NuVasive unveils Pulse robot
The Pulse system is designed to allow surgeons to perform robotic-assisted spine surgery. It features an extensible architecture for multiple procedural application support; optimized surgeon control with real-time adjustments to enhance autonomy; dynamic, real-time feedback and a flexible mobile cart that is easy to set up and configure in existing operating rooms.
“As part of NuVasive’s commitment to transform surgery, at NASS we will showcase enabling technologies that help surgeons perform less invasive spine procedures,” president Matt Link said in a news release. “Key to this foundation is Pulse, the first and only system to integrate multiple technologies in a single expandable platform designed for all spine procedures. As part of this platform, we look forward to unveiling Pulse Robotics, an application that introduces automation while maintaining surgeon control to optimize clinical decision making and deliver better patient outcomes.”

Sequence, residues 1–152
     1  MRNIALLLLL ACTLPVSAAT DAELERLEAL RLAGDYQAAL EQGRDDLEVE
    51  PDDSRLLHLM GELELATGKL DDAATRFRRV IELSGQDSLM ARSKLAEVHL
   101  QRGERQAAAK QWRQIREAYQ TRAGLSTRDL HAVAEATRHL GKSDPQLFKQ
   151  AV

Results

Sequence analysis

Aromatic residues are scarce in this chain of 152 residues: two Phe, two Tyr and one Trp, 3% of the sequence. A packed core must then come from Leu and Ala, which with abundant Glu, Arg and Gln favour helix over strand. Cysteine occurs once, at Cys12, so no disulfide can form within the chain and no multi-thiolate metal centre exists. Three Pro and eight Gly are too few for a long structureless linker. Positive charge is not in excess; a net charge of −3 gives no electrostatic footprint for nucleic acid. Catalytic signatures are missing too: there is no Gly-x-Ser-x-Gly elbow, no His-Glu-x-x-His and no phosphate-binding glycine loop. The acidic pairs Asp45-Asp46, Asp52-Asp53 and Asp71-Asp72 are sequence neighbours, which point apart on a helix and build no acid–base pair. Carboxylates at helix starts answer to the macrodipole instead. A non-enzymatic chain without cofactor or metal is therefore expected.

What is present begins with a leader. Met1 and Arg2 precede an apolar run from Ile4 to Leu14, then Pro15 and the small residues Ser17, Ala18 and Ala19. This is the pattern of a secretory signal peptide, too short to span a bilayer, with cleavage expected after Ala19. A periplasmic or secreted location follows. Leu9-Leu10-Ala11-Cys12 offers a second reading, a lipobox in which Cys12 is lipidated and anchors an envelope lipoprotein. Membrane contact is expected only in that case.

NuVasive’s Pulse platform has been shown to reduce blood loss, hospital stays and had less operative morbidity compared to traditional open spine surgery, according to the company. NuVasive also said the Pulse platform improves workflow, reduces variability and increases the reproducibility of surgical outcomes, which includes neuromonitoring, surgical planning, rod bending, radiation reduction, imaging and navigation functions.
Surgeons can operate the control atm within the plane of various degrees of freedom, even if the arm is locked in place. The mobility allows for slight adjustments of screw trajectory without having to re-register. The robotic arm has 7º of freedom to mimic the movements of a real arm.
FDA approval of the system is expected in mid-2021 with a soft launch of the device in the second half of 2021. The company plans a full launch in 2022.